Wednesday, August 23, 2017

Slow Travel Tidbits
By Michael
SAVUSAVU, FIJI


It's good to be back home with Windy
and the girls.
Just last month I stepped up to the counter at a Bank of America in Camarillo, California.

"Hi, I just want to cash this check I received." I pushed the Bank of America-drawn personal check and my ID to the teller.

"Okay, are you a Bank of America customer?"

"No."

"Okay, that's not a problem." She tapped on her keyboard and looked down at my driver's license. Then she tapped some more and looked down at my driver's license. "Hold on one second, I'm going to have to get a supervisor."

She walked over to where a supervisor seemed to be helping another teller. She waited and waited. Finally she gave up and came back to me. After more tapping and looking, she furrowed her brow, "I just don't see any licenses that match yours," she said, swinging her monitor around so I could see.

"Oh, those pictures are all examples of Washington state IDs, my driver's license is from Washington, DC."

She stared back at me blankly. And here I have to say, having lived a decade in the District, I'm no longer surprised by when I come across people who have no idea that Washington, D.C. is not a city in any of the 50 states and who can't even say what D.C. stands for.

"The District of Columbia," I added.

"Colombia?" she asked.

She was clearly a Latina and she pronounced the word like the South American country, with two long Os.

"Habla Espanol?" I asked.

"Si…" she answered, curious.

I went out on a limb, taking a chance she was Mexican. "El District of Columbia en Los Estados Unidos es como DF." I knew a Mexican would immediately get the DF reference.

Her face lit up, we were on the same page. She and I spent a few minutes talking (in English) about D.C., about how small it is, how it's home to the White House and Congress and many incredible museums, and how so few people live there that here in California, she is unlikely to ever see another D.C. ID.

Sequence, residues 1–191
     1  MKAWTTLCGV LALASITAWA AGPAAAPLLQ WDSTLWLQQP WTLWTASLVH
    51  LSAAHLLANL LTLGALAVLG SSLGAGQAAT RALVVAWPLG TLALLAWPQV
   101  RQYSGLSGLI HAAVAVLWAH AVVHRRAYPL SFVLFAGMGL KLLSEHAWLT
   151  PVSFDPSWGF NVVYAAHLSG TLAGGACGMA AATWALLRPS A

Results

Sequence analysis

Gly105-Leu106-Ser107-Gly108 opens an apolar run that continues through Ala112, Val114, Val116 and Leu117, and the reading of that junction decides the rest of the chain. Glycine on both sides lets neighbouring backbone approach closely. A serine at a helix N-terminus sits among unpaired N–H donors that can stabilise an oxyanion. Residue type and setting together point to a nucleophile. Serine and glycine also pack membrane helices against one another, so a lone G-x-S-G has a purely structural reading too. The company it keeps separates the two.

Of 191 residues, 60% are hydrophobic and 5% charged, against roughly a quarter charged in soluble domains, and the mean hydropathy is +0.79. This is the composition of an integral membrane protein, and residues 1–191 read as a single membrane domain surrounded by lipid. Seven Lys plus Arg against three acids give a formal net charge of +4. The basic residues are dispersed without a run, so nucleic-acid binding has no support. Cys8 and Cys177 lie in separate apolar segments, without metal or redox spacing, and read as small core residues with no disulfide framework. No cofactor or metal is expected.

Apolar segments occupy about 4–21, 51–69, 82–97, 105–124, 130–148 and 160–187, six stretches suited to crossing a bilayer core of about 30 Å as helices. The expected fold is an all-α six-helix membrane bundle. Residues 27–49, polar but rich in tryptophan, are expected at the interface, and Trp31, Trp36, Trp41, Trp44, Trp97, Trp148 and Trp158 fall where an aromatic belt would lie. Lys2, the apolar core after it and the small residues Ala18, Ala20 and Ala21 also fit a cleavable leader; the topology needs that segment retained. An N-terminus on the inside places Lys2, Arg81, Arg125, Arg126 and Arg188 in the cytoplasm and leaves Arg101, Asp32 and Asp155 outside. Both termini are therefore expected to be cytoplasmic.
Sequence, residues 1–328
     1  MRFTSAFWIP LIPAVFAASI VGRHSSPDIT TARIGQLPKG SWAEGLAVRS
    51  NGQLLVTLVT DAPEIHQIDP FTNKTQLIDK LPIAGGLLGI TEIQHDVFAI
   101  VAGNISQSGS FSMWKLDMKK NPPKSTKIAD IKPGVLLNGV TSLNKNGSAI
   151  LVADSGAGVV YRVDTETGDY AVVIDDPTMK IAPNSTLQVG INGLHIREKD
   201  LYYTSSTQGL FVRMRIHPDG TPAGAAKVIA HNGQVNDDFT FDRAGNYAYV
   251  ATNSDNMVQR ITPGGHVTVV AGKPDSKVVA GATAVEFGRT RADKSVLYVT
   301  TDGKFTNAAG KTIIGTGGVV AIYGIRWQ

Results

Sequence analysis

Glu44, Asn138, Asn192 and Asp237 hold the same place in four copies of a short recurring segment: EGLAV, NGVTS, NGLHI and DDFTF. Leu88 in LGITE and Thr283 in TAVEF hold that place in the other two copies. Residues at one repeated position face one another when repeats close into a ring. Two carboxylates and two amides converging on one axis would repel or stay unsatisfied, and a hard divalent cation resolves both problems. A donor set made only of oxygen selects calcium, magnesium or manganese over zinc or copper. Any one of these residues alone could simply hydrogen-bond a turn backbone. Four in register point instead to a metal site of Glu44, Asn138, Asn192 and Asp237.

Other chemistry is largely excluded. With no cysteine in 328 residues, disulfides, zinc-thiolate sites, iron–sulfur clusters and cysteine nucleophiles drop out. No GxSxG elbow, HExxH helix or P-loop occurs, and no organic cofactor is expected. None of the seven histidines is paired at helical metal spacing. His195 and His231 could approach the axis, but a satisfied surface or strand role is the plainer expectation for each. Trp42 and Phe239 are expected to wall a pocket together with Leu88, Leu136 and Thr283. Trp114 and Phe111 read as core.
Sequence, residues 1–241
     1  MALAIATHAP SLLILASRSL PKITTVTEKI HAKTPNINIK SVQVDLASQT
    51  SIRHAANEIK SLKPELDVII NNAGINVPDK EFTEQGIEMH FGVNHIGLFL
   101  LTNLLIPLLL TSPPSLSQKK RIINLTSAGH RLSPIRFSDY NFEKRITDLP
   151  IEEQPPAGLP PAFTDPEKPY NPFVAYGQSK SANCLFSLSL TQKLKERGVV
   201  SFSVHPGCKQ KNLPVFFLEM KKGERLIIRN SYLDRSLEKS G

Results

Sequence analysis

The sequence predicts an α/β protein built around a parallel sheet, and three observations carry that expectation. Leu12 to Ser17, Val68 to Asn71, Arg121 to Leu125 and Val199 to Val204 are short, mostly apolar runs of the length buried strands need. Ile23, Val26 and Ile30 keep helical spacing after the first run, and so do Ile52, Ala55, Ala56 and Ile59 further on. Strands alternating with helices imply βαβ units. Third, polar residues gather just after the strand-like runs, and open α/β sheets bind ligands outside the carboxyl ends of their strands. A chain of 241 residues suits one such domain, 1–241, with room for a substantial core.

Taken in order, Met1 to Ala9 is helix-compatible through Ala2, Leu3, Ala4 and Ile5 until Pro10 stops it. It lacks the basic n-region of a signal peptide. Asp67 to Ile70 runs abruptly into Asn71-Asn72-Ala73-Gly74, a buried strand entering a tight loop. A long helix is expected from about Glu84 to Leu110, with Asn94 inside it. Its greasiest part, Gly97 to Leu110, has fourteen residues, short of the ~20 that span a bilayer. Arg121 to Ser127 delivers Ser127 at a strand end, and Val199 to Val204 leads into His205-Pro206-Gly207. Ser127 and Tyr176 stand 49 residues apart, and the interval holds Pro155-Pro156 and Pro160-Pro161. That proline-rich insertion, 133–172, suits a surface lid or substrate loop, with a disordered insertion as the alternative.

She seemed appreciative.

And this is one reason why I love our nomadic life. Not sharing information, but acquiring it myself, in a way that our unique lives make possible. I could have traveled to Mexico a dozen times for vacation and never have learned that Mexicans refer to their seat of government, and usually Mexico City itself, as DF (pronounced "day effay"), that there is not a Mexican alive who doesn't instantly know what someone means when they hear those two letters. I know this only because our cruising life has allowed us to spend a lot of time in Mexico, and like the time we spend in every place we visit, it’s filled with the sundry tasks of laundry and shopping and doctor's visits and more that give us insights and knowledge we'd not gain traveling another way. It makes my experience, and my life, richer.

In the month I spent in the States, I mentioned Fiji to a ton of people. Many have seen the water bottle, many associate the name with an exotic vacation destination. Few know that it's a country, where it is on the planet, what the population looks like, what the greetings are, what the shopping malls in downtown Suva are like, what sevusevu with a village chief entails, and a million other things. And I don't report that as a slight—I know just as little about the hundreds of countries I've not visited.

But my point is that I want to visit all of them because of what I feel I've gained in perspective from the few I have visited. Knowing that many shop keepers in Tonga use Chinese calculators that feature a little speaker that shouts out the keypad numerals in Chinese as they're pressed, is a tidbit that means absolutely nothing, but that I cherish. Knowing the two-letter abbreviation that Mexicans use to refer to their capital won't make me rich, doesn't prepare me to write a book on Mexico, and doesn't make me any smarter than the bank teller and anyone else who doesn't share this knowledge. But these things, combined with all the hundreds of thousands of arcane bits of info I've acquired about the people and places we've been fortunate to visit over the past seven years, make me happy. These are miniscule pieces to life's puzzle, a puzzle that none of us can ever fully assemble, but which we're all lucky to spend time working on.